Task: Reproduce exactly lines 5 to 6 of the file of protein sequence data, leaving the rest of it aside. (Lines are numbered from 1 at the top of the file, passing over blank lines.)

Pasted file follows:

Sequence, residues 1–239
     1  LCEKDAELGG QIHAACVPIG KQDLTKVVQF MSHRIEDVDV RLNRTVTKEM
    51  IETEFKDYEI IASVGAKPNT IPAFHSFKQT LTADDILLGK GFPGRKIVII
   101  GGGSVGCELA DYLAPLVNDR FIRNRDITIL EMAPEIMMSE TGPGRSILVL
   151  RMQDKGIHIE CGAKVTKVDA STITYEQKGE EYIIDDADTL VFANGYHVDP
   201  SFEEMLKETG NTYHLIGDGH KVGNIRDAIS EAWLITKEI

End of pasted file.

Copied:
   151  RMQDKGIHIE CGAKVTKVDA STITYEQKGE EYIIDDADTL VFANGYHVDP
   201  SFEEMLKETG NTYHLIGDGH KVGNIRDAIS EAWLITKEI